Topics tagged with "Prodrome"

Therapies for prevention of PTSD

What is psychotherapy for the prevention of PTSD? Early intervention models suggest psychological interventions given to an individual exposed to a traumatic event may prevent the onset of trauma-related symptoms. Cognitive therapies are based on the theory that an individual’s perception of a situation influences his or her emotional response to it. They aim to help people identify distorted thinking and to modify existing beliefs. Cognitive processing therapy is a type of cognitive therapy that involves psychoeducation, written accounts about the traumatic event, and cognitive restructuring to address beliefs about the event’s meaning and its implications. Cognitive behavioural therapy (CBT)…

All pharmaceutical treatments for prevention of PTSD

What are medications for the prevention of PTSD? Scientific understanding of the neurobiological changes occurring during PTSD onset shows memory consolidation appears particularly vulnerable to disruption in the first six hours after trauma, making this a crucial period for intervention for prevention of PTSD. This technical commentary presents the evidence on pharmaceutical interventions administered during this period. Please also see the psychotherapy for prevention of PTSD topic. What is the evidence on medications for the prevention of PTSD? Hydrocortisone is a glucocorticoid, which attenuates heightened fear response through increased removal of fear-inducing memories. Moderate to low quality evidence found a…

Therapies for high-risk groups

What is high risk for bipolar disorder? People deemed at high risk for bipolar disorder can be identified by having a family history of the disorder and/or having subclinical symptoms of depression and/or mania that are not severe enough for a diagnosis. Reducing the development of severe symptoms may increase the probability of good long-term outcomes. The course of bipolar disorder and its treatment response tends to worsen over time, highlighting the importance of early intervention. Over the last 15 years, a biopsychosocial framework for bipolar disorder has obtained growing recognition and an increasingly multimodal treatment approach has emerged. Accordingly,…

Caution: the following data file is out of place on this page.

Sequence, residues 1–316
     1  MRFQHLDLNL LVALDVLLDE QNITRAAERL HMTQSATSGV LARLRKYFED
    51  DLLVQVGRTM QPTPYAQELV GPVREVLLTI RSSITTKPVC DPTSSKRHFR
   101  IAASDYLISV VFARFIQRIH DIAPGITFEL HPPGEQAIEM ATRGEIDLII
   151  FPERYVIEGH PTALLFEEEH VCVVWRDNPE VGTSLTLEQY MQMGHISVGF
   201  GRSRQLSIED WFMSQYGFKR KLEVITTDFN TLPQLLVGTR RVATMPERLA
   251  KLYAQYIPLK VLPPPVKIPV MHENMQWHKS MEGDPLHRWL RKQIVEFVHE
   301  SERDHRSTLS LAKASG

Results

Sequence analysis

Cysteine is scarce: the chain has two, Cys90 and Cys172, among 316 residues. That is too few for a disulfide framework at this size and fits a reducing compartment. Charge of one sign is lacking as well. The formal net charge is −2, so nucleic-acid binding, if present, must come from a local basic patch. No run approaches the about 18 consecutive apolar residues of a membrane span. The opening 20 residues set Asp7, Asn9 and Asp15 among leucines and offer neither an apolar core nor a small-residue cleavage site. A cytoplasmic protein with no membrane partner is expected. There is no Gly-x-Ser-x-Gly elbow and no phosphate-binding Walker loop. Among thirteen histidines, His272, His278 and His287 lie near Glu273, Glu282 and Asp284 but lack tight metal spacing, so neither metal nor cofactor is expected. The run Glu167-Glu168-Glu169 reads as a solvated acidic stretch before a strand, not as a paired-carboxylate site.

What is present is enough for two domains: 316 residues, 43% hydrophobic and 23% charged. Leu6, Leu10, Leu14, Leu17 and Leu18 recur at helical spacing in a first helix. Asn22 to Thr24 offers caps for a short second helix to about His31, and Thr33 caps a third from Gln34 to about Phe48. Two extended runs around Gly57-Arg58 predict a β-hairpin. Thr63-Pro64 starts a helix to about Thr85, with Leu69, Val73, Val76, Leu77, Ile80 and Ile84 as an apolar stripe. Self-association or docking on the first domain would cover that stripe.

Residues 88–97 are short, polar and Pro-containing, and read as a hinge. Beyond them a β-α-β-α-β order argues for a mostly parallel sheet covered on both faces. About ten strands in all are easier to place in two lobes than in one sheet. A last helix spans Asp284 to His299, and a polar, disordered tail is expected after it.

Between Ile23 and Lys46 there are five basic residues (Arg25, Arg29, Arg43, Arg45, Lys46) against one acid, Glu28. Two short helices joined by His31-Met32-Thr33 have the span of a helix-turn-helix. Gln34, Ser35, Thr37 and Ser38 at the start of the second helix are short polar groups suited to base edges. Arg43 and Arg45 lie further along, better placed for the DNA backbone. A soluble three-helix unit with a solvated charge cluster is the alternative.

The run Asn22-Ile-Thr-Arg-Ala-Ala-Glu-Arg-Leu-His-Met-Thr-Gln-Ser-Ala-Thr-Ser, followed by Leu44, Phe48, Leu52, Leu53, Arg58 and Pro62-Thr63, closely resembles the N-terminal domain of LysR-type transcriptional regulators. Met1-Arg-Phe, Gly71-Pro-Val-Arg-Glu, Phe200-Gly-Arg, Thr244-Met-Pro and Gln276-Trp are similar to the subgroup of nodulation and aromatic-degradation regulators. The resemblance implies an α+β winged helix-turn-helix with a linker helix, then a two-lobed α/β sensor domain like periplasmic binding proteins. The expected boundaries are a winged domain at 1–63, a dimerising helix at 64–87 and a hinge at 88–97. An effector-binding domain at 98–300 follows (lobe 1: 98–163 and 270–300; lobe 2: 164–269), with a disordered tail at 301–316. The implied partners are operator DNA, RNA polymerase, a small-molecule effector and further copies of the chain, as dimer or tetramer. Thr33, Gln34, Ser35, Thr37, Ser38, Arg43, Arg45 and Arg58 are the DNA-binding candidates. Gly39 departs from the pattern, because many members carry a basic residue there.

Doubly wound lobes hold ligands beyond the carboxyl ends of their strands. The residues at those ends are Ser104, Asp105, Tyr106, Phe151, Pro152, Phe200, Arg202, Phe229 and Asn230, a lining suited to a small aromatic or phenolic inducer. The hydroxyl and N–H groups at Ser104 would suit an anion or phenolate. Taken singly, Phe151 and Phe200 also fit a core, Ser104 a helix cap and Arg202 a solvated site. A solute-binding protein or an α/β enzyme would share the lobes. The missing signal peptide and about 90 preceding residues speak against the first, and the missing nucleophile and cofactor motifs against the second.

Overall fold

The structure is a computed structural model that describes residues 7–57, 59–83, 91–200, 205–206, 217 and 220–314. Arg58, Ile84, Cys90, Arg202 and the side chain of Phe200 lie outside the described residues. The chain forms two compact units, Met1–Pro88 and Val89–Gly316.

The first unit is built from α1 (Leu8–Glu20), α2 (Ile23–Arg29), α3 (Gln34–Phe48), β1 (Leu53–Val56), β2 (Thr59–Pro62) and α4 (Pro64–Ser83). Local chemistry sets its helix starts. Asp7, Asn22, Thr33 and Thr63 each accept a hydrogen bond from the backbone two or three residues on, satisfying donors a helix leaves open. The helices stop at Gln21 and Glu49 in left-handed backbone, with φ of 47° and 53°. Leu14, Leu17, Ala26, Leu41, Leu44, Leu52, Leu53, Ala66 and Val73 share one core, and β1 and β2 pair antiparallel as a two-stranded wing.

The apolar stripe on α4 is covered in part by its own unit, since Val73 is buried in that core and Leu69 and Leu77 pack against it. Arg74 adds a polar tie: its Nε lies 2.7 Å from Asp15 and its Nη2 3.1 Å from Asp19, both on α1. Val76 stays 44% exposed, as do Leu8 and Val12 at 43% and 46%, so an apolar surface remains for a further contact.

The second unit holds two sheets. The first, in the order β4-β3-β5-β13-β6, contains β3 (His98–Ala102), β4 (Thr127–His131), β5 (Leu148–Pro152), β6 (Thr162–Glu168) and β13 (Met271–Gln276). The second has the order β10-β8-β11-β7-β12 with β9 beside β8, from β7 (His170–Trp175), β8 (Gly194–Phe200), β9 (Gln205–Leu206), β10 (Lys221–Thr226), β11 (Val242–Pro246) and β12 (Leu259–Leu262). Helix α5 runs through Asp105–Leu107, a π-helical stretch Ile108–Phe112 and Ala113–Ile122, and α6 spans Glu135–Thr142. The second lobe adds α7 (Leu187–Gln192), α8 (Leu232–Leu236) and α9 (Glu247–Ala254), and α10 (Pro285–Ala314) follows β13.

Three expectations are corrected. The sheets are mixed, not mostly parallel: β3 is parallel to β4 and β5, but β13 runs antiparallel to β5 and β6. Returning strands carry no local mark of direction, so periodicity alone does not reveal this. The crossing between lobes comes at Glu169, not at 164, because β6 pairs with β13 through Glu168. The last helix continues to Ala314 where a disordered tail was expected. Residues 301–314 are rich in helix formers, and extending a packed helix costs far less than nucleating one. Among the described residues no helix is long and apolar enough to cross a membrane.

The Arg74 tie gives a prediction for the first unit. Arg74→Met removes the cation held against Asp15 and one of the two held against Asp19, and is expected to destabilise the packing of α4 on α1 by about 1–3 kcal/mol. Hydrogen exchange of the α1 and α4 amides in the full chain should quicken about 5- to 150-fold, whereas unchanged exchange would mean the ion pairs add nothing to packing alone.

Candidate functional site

Treatments for high-risk groups

We have not found any systematic reviews on pharmaceutical treatments for high-risk groups for bipolar disorder that meet the inclusion criteria. Pending enough primary studies, we invite reviews on this topic to be conducted. Alternatively, we will endeavour to conduct our own review to fill this gap in the Library. July 2020


Early detection

Why is early detection of bipolar disorder important? Early detection of bipolar disorder can prevent or delay the onset of the disorder, and improve clinical outcomes in people who develop it. What is the evidence regarding early detection of bipolar disorder? Moderate to high quality evidence suggests large effects of having psychotic symptoms or a family history of bipolar disorder as risk factors for transition to bipolar disorder in people with major depression. There was a medium-sized effect of higher risk of transition to bipolar disorder with early age of onset of depression, and a small effect of having a…

Medications and therapies for high-risk groups

This topic includes both pharmaceutical and psychosocial treatments. What are high-risk groups? A key target of early intervention is “indicated prevention” for individuals at high risk of psychosis who have been identified with early signs of the disorder, but do not meet any diagnostic criteria. There are two key approaches for identifying people with early signs. The first approach is based on Huber’s Basic Symptoms, which focuses on a detailed way of describing phenomenological (subjective) disturbances in the domains of perception, cognition, language, motor function, will, initiative and level of energy, and stress tolerance. Because the basic symptoms refer only…

Early detection

What is early detection of psychosis? Early detection refers to the correct identification of individuals who are at high risk of developing schizophrenia, with an emphasis on the development of frank psychosis. Several assessment tools have been constructed to effectively identify such individuals. Sensitivity of an assessment tool refers to the proportion of people who develop psychosis that were previously identified by the assessment tool as being at high risk. Specificity is the proportion of people who do not develop psychosis that were previously identified as not being at high risk. Assessment tools therefore aim to have both high sensitivity…

NeuRA Libraries

Title Colour Legend:
Green - Topic summary is available.
Orange - Topic summary is being compiled.
Red - Topic summary has no current systematic review available.